–Or at least our bank was, and that’s pretty creepy, don’t you think?
The letter from the bank about this turn of events seemed ominous. First, it was dated November 3 and arrived on November 9. That meant, we suspected, that the evil-doers had had nearly a week to do their evil without our knowledge. Why was our bank so lackadaisical?
But a check of our accounts showed no questionable activity during the past week.
Said letter also was murky about what had happened. As the bank hastened to note in the first sentence, it “values and respects the privacy” of our information. So the bank people thought it was a good idea to advise us of “a recent incident that may have involved” some of our personal information.
Specifically what information? Well, our social security numbers (SSNs), of course. Specifically how was that information exposed? In “one email account.”
But my spouse and I are diligent about never supplying our social security numbers to anyone via emails. Oh, wait! For an appointment with a new doctor, I’d recently signed on to a medical “Mychart” that had requested my social security number. When I tried to continue registering without it, the instructions were that if I didn’t add it, I couldn’t register. I had reluctantly added the info. Could that massive medical organization have been compromised? Well, sure.
Turns out that wasn’t what happened either. A follow-up phone call to the bank clarified what the poorly worded letter hadn’t–or maybe the bank’s legal counsel thought that murky verbiage was the safe approach?
The email was not, in fact, ours: it was the bank’s internal email. And our names and SSNs may not have been in an email at all. Though an “unauthorized third party gained access to one email account,” no one’s sure what that unauthorized third party saw or didn’t see.
But since our social security numbers (and apparently all the bank’s other customers’ SSNs) had potentially been visible through this antisocial data derring-do, the bank was offering “guidance on what you can do to protect yourself, should you feel it is appropriate to do so.” (As in, “if you don’t do this, you’re a real dope, and don’t blame us…”)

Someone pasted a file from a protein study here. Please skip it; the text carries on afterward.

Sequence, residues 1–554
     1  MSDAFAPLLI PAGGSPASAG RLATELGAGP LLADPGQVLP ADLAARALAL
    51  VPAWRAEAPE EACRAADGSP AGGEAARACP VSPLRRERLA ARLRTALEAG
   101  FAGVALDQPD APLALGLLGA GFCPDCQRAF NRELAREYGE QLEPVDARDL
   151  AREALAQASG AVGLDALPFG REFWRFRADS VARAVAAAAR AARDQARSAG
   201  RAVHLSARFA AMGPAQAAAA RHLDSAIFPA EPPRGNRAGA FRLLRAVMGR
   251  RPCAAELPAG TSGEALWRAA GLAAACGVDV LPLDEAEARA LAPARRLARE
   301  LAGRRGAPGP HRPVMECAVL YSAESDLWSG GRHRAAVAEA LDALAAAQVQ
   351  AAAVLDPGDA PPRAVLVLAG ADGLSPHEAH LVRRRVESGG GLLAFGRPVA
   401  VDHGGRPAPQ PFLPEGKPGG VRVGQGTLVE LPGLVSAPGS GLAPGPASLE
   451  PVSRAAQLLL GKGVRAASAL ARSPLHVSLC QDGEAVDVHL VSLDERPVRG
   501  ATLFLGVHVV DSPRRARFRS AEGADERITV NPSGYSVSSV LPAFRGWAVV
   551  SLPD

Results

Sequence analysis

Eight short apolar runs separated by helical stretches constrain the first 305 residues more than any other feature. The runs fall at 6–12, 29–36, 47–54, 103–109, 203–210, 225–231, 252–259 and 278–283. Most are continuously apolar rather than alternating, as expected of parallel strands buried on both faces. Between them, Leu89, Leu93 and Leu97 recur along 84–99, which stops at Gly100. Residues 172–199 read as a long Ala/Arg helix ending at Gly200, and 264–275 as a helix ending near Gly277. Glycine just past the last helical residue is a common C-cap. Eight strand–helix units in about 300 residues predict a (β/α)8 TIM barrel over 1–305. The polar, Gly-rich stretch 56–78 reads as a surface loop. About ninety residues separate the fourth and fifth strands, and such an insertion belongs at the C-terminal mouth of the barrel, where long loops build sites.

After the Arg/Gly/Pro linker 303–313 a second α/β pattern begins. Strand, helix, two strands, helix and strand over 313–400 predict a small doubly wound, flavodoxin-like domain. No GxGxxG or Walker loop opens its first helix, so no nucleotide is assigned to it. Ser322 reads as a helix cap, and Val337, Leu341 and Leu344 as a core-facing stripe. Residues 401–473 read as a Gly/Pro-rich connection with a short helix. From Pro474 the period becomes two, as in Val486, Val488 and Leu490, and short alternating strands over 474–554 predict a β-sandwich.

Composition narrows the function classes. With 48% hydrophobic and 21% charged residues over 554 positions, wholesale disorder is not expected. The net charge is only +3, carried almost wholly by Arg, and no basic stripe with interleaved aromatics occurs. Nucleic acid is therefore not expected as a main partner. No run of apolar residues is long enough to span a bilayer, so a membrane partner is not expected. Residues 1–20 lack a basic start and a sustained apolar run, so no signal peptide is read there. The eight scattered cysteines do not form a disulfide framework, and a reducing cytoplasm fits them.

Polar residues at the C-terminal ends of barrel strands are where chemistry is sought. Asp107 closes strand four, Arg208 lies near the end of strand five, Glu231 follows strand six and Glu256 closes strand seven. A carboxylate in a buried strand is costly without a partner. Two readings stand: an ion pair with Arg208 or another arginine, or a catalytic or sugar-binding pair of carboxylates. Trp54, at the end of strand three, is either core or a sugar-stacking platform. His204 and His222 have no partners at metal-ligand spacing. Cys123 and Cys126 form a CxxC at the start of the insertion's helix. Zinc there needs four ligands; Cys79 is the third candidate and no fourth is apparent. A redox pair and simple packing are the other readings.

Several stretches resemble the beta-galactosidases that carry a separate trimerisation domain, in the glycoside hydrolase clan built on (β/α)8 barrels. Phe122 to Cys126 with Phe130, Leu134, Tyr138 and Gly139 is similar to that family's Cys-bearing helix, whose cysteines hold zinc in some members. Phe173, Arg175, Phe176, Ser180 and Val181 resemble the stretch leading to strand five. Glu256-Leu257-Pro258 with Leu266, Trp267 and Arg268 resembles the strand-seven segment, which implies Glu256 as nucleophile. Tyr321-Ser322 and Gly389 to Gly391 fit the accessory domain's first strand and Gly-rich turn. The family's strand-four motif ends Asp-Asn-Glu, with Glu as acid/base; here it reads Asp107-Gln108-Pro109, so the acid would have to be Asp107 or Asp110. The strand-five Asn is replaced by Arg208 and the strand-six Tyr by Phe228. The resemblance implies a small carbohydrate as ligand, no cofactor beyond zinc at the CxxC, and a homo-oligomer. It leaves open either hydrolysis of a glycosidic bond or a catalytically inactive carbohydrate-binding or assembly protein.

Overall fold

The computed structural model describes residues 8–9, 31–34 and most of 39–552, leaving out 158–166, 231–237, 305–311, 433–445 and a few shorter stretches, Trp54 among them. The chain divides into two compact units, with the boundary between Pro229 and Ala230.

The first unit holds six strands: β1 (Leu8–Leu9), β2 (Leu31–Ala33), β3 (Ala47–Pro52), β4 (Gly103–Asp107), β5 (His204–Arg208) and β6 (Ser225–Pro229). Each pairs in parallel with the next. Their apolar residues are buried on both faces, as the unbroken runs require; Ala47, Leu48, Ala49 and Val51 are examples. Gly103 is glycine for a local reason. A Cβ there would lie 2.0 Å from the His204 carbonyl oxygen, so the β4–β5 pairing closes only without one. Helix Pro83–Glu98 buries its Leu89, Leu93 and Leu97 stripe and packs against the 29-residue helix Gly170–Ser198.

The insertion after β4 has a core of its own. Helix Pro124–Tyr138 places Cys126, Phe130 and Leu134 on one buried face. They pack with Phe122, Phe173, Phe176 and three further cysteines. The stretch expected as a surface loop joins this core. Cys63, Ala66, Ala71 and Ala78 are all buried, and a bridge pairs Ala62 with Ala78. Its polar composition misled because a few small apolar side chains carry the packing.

*A complimentary one-year membership to Experian IdentityWorks Credit 3B. Choosing this option entitles us to an immediate credit report. Other features include monitoring our credit, restoring our identities if compromised (!), continued Identity Restoration support even after the year’s membership has expired, and up to $1 million Identity Theft insurance covering some costs and unauthorized electronic fund transfers.
*An Additional Important Information Sheet that seemed to be for those who didn’t want the Experian offering. It included enough info to turn protecting our personal identities and credit ratings into a full-time job.
We can obtain a free copy of our credit report once every 12 months from each of the three credit reporting agencies–Experian, Equifax, and TransUnion.
Or if we’re really worried, we can purchase a copy of our credit report from any of these agencies (contact info helpfully included).
We could place a fraud alert on our credit report so that creditors inform us if anyone tries to establish a new account in our names.
Or we can put a credit or security freeze on our credit file so that a PIN must be given to access our info. We’d have to do that for each of the three credit companies.
And we can review the Federal Trade Commission’s tips on how to avoid identity theft. (Might one of these tips be: “Find another bank”?)
For starters, I just activated my free membership to Experian IdentityWorks Credit 3B. To qualify, I had to enter my social security number online. Sure hope nobody hacks them.
What Would Annie’s Readers Do? Have you gone through something like this? If so, how did you have to respond, and how did everything turn out?